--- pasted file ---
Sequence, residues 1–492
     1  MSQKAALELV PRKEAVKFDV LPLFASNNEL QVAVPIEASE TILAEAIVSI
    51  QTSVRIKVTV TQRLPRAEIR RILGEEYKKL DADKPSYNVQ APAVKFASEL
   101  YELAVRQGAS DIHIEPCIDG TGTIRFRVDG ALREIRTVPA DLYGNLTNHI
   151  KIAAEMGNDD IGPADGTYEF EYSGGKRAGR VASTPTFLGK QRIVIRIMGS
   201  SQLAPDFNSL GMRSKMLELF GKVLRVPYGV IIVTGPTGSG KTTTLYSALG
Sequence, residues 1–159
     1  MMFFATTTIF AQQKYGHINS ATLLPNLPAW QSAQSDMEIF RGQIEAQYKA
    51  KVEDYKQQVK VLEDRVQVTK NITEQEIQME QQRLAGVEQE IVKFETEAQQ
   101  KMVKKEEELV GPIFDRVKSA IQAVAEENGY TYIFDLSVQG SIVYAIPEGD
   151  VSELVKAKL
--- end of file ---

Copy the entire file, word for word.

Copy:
Sequence, residues 1–492
     1  MSQKAALELV PRKEAVKFDV LPLFASNNEL QVAVPIEASE TILAEAIVSI
    51  QTSVRIKVTV TQRLPRAEIR RILGEEYKKL DADKPSYNVQ APAVKFASEL
   101  YELAVRQGAS DIHIEPCIDG TGTIRFRVDG ALREIRTVPA DLYGNLTNHI
   151  KIAAEMGNDD IGPADGTYEF EYSGGKRAGR VASTPTFLGK QRIVIRIMGS
   201  SQLAPDFNSL GMRSKMLELF GKVLRVPYGV IIVTGPTGSG KTTTLYSALG
Sequence, residues 1–159
     1  MMFFATTTIF AQQKYGHINS ATLLPNLPAW QSAQSDMEIF RGQIEAQYKA
    51  KVEDYKQQVK VLEDRVQVTK NITEQEIQME QQRLAGVEQE IVKFETEAQQ
   101  KMVKKEEELV GPIFDRVKSA IQAVAEENGY TYIFDLSVQG SIVYAIPEGD
   151  VSELVKAKL